Monday, February 27, 2012

"Hey, can you move over just a little bit?" --Adjusting a kento.

This is the first time I've done this so I post these photos and my comments as an invitation to any who have done this before, often or just better to comment below on improvements.

As I mentioned in my last post I was pretty precise in cutting my original kentos.
I either use a Kento-nomi ( a flat chisel used just for this purpose) or the hangi-toh being carefult to split the black line that is my guide.
But sometimes, despite being careful, or if the wood shifts or expands more on one block than another one has to adjust the kento to allow for this shift.
This is the problem.

I'll let the following photos explain things but here is a summary.
A flat chisel is used to cut a groove next to the existing kento.
Using a slender, wedge of hardwood, tap it in with a hammer. Cut it flush with the kento and get back to printing.
As this was the first time I try this. I cut a sample kento on the edge of the block to try it out.

Above is the drawn "test kento" and the registration guides I cut from them.
Below are some cherry wedges I split off from a small block with a wood chisel and then sanded into a wedge shape with a sanding block and some 220grit paper.
(Ignore the Aisuki chisel which is just there for scale).

These were tapped in with a hammer.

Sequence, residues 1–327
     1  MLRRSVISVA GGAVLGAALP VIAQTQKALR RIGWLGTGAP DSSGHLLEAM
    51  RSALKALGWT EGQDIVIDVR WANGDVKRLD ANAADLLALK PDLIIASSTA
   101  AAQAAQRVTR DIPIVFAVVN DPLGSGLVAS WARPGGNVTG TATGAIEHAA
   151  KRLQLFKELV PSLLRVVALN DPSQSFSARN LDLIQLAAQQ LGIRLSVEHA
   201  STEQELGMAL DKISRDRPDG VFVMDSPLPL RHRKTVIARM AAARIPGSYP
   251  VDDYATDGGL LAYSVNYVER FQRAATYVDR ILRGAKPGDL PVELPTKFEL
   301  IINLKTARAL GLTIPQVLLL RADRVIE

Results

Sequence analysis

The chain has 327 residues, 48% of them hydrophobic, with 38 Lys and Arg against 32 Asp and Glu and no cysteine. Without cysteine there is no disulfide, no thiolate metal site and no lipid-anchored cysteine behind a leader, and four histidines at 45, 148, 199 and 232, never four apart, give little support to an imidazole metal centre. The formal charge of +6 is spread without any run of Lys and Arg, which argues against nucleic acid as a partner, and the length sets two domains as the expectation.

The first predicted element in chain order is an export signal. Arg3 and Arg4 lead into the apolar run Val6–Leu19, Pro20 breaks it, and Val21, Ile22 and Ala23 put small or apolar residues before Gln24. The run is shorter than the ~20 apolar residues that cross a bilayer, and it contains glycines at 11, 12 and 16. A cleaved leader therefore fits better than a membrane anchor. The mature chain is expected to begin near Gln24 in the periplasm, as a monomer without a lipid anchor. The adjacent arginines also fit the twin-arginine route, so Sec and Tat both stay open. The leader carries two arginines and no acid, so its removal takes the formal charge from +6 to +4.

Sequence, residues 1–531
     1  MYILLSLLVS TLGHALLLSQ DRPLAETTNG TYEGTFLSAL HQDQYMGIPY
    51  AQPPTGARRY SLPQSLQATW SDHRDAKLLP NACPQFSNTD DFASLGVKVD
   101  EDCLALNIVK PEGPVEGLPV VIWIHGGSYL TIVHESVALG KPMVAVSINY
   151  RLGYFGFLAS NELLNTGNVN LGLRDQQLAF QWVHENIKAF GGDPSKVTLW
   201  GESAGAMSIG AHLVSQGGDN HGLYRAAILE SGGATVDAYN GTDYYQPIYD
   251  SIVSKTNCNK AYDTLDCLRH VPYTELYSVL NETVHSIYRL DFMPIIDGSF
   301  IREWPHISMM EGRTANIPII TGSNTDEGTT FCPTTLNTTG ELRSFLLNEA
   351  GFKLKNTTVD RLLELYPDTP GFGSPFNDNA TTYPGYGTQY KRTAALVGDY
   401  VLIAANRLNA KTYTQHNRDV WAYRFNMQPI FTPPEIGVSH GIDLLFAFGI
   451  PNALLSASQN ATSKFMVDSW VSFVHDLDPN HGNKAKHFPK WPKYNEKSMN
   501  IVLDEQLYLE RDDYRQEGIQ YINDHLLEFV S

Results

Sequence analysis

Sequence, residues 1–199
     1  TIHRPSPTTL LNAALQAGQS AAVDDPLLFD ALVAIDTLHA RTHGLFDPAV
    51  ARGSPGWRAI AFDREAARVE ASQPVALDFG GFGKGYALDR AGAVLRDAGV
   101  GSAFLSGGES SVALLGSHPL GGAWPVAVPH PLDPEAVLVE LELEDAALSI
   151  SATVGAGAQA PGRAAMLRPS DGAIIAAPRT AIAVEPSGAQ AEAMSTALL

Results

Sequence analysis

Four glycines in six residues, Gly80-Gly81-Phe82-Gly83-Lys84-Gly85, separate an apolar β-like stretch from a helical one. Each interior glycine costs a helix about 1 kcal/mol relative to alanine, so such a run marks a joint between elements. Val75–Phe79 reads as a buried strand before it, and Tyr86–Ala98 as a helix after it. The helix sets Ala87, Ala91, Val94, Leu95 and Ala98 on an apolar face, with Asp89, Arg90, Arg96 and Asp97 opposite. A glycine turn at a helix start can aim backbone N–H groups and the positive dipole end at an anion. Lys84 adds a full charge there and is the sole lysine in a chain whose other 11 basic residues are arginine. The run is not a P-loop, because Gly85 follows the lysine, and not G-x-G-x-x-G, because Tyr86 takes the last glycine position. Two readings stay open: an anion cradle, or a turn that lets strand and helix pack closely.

Next was to trim it flush without having it pop out.
Here are the finished corner and edge kentos with the trimmed plugs.

Testing the kentos:

These are a bit ragged as my cherry blocks are a little thin (1cm thick) and the groove I cut next to the existing kento with a chisel seemed a bit too shallow. Tapping in the wedges was harder than I thought and some of them split or broke and had to be resanded and replaced.
Cutting them off also was harder than it should have been. Several popped out from the leverage of cutting them.
But if imperfect these do what they are supposed to.
As you can see from the last photos, they hold the paper edge a good 1-2mm off the old edge and should fix the problem.

Sunday, February 26, 2012

Lizard color proofs

I managed to print a few more color proofs of my lizard print.
The red and yellow blocks are indeed a bit out of register; but as there is a bit of play to the color blocks--I have several overlaps--by just moving them over a smidgeon (about 2mm) to the side and 1mm up on one corner they fill in pretty decently and I think I'll have a go at a proper print run this week if I can carve out some time instead of recarving the blocks.

The lizard is too blue-green (it is a really vibrant yellow-green in real life) and I need to distinguish the lizard from the background a bit more (there are separate blocks for this so it should be easy).

Still a small amount of clean up to do though. Some stray edges,unwanted embossing, spotting, low spots and filled-in gaps to tidy up with the chisels before printing the first batch.
The pebbly skin was lost a bit from overprinting; I'll try to open up the holes a bit more and print it last to give the skin visible and raised texture. As it is now a bit too subtle.